Lead singer David Cameron sat the first 20 minutes out, leaving his incongruous backing band to thrash out their solos on the platform.
First up, deputy lead singer Nick Clegg rattled through some familiar riffs – freedom, fairness, responsibility. He must get used to playing these big stages.
Next, Home Secretary Theresa May brought a bit of glamour, promising bobbies on the beat, cutting paperwork and more freedom.
Vince Cable, the Liberal Democrat Business Secretary, was having technical trouble. When he was due to take centre stage, a roadie was adjusting his microphone. Ms May offered to fill time by dancing, though it is Mr Cable who is more usually found twirling ladies around ballrooms.
In the awkward delay, Mr Cable joked: “We're making it up as we go along.”
Unfortunately this had the ring of truth to it. Flicking through the coalition agreement, where policy clashes have occurred the wording of the final statements are a fine blend of compromise, vagaries and fudge.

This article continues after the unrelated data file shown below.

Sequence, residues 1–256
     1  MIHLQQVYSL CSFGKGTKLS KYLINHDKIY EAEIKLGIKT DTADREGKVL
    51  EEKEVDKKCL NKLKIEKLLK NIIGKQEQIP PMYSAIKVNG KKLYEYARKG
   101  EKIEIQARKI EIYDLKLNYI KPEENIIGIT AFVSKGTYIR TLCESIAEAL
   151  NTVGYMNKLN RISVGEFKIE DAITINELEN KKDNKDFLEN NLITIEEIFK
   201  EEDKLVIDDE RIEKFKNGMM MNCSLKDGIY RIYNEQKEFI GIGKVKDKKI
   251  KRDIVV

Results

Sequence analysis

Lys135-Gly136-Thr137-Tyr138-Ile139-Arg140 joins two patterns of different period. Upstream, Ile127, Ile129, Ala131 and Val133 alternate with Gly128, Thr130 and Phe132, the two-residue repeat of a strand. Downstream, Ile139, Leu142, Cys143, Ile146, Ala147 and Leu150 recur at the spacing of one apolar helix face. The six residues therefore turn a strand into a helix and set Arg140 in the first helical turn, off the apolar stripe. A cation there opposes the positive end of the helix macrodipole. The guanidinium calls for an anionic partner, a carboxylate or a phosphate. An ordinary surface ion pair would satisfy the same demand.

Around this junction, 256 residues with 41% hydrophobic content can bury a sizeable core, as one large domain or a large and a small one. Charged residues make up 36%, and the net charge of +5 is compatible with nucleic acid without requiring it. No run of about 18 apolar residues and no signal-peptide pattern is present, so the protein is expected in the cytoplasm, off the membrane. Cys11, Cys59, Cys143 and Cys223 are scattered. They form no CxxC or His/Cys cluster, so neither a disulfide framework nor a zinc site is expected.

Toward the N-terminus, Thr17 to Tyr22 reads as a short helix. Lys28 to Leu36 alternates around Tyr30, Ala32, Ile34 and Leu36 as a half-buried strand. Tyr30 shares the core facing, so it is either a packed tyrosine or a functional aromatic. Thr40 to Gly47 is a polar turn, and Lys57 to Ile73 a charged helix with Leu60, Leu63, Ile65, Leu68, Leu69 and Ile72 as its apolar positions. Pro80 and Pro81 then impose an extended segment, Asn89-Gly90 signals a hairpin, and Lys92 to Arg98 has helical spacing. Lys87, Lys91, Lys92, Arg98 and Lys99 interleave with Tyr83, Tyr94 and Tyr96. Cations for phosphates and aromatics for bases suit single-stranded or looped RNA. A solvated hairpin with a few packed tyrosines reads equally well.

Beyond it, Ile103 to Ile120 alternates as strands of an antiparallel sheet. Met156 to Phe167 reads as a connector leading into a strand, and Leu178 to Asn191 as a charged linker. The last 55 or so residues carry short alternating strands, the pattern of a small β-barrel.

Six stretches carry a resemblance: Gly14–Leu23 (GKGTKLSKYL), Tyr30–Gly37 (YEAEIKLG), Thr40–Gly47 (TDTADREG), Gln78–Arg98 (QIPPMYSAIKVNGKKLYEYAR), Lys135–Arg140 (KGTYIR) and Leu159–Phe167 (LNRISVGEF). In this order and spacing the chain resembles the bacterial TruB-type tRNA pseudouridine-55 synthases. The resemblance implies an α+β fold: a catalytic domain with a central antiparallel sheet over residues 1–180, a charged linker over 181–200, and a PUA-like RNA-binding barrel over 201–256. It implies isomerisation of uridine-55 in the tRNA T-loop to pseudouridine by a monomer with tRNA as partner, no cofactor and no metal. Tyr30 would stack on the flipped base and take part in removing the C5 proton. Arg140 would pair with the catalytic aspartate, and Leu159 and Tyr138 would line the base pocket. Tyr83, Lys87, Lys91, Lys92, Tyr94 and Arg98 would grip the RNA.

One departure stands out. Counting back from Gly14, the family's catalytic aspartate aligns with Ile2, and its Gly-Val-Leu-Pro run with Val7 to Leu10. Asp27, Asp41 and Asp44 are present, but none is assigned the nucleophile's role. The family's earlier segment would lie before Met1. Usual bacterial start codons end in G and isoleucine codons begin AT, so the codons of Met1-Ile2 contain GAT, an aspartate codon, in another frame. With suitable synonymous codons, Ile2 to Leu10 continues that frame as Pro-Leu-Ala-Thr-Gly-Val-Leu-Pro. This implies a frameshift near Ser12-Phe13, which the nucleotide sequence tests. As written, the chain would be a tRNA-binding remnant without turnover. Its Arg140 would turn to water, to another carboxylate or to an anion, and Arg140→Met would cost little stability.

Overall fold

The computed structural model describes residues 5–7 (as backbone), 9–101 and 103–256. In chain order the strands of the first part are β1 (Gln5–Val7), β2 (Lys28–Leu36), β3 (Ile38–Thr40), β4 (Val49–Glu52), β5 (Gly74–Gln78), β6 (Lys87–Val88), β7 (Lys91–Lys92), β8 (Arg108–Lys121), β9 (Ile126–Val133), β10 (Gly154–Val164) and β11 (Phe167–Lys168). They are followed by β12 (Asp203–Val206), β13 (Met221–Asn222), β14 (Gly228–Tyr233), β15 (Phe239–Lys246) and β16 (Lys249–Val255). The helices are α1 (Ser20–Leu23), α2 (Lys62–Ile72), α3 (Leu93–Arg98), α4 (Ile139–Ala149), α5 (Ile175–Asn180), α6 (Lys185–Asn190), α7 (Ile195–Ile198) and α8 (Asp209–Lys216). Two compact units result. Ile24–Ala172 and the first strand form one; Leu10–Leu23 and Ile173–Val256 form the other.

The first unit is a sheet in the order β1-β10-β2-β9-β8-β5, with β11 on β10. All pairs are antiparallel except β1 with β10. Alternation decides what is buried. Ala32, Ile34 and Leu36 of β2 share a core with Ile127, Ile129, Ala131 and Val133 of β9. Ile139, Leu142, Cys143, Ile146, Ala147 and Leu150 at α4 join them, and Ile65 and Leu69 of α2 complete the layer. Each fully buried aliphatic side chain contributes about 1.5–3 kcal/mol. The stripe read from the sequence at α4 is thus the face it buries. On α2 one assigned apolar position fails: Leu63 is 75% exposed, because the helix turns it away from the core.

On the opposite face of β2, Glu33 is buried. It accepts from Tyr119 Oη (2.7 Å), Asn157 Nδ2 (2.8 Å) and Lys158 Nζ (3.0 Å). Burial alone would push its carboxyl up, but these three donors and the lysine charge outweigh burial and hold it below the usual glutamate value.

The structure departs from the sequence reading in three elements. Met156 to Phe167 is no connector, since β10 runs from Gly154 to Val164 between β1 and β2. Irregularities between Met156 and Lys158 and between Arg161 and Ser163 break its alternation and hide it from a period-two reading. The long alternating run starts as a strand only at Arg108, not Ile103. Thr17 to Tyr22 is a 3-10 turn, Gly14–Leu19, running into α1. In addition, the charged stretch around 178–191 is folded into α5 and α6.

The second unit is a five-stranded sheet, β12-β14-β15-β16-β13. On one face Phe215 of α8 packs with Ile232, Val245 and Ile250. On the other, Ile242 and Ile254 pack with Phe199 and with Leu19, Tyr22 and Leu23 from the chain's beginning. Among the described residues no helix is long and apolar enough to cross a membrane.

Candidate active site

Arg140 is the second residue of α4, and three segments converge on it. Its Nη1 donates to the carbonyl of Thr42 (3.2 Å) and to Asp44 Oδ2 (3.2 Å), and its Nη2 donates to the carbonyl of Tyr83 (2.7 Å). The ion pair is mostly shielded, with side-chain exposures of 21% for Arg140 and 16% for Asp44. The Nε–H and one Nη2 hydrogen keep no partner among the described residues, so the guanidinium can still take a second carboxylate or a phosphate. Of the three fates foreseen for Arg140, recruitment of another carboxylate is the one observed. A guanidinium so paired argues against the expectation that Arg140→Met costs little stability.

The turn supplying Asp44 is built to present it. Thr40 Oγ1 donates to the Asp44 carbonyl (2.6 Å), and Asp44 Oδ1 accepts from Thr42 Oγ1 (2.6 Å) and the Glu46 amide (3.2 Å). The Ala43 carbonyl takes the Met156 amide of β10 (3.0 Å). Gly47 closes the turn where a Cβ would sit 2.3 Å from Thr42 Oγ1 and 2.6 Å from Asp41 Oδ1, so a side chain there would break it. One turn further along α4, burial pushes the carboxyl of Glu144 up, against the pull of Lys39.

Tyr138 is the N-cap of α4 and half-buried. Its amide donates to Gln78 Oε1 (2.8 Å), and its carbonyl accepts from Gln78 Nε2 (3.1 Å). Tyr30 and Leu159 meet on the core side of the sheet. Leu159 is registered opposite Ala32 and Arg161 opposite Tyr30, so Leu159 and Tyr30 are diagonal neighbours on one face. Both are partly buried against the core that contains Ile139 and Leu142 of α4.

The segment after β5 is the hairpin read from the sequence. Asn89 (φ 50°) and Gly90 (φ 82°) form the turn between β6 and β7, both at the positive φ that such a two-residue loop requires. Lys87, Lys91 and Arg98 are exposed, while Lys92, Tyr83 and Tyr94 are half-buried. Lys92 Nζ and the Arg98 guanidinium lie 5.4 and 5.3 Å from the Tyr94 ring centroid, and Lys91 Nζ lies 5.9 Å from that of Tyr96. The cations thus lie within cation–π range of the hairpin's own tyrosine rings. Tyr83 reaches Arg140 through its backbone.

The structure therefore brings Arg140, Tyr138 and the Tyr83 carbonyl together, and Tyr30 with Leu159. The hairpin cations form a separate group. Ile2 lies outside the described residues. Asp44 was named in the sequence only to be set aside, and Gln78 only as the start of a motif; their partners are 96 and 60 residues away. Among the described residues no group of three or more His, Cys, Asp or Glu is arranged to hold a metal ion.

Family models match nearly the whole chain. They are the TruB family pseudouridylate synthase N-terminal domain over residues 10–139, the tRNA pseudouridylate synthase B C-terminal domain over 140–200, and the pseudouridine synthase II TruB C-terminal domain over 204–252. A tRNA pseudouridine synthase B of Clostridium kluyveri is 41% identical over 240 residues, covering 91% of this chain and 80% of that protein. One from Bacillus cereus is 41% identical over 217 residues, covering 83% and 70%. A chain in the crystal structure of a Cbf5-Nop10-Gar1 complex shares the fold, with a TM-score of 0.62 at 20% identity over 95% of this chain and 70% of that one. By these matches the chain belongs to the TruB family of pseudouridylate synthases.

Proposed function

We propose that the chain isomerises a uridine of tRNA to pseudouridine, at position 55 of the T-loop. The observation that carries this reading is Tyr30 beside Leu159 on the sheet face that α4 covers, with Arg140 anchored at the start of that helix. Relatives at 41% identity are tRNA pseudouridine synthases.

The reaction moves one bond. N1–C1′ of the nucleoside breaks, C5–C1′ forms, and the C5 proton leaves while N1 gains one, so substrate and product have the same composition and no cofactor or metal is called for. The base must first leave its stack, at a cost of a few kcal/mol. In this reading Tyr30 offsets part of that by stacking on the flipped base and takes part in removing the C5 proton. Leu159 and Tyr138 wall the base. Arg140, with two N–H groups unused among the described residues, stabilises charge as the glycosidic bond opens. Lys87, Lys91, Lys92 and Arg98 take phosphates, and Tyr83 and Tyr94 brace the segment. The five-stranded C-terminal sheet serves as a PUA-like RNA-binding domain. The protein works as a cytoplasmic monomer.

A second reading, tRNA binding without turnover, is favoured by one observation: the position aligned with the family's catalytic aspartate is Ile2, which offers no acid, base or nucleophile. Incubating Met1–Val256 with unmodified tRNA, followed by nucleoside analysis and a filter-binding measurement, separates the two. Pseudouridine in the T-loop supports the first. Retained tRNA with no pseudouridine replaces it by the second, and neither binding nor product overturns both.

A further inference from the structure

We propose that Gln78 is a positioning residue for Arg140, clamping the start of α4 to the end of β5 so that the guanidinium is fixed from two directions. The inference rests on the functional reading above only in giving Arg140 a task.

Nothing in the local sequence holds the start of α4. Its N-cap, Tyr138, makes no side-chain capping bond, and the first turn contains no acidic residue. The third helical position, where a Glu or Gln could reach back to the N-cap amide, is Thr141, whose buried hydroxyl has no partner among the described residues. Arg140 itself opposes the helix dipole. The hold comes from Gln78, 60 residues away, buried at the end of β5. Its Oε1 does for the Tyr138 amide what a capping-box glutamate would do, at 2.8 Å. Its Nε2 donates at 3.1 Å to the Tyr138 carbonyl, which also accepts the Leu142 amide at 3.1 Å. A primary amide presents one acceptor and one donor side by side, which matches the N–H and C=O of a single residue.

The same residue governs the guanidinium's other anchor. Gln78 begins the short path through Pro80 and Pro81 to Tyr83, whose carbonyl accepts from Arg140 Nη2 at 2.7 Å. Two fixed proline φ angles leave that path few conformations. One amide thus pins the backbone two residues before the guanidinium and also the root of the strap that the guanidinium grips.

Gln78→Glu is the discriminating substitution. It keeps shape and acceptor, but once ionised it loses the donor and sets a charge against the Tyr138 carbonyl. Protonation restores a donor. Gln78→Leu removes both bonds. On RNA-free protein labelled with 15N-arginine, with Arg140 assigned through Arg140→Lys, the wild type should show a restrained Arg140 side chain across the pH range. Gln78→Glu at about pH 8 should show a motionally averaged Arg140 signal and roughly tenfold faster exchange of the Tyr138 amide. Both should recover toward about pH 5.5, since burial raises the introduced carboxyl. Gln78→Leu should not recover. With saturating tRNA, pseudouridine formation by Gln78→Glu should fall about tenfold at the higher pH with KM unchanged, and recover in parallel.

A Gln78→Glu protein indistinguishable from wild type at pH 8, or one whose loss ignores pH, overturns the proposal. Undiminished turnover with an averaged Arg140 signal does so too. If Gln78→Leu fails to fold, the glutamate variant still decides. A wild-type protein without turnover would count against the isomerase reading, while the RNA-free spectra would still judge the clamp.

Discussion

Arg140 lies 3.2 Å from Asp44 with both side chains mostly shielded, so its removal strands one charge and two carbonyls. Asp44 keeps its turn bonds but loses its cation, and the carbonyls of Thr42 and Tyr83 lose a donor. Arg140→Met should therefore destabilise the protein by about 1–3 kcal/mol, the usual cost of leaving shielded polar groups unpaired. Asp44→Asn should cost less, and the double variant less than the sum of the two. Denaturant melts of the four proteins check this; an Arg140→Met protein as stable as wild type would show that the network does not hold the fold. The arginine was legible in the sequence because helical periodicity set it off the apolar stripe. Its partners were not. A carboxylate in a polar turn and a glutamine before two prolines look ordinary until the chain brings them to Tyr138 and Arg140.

The vote on hunting has become a vote on whether there should be a vote on hunting. Lib Dem Chris Huhne’s energy department will draft the government’s pro-nuclear policy and he will then campaign against it.
And a pledge to freeze council tax for two years has become a one year commitment, while they will “seek to freeze it for a further year, in partnership with local authorities”.
Cutting the deficit takes precedence over everything, we were told again and again. Except, it seems, when there is a publicity budget to spend.
Towering over yesterday’s coalition press conference, at least ten feet tall, were two floor-to-ceiling billboards almost entirely blank but bearing the logo of this new politics.
Inevitably, it also had the mark of a design guru – a colon. It read: “The Coalition: our programme for government.”
The Coalition was written in green. Blue (Tory) and yellow (Lib Dem) of course make green. Keep up at the back!
Mr Cameron insisted it would be “churlish” to look for the holes in the agreement, when hacks should be focussing on all the things they could agree on.
The mood music may be positive now, but as the axe falls on pet projects and divisions emerge on key policies, Tory and Lib Dem backbenchers may be less willing to dance to The Coalition’s tune.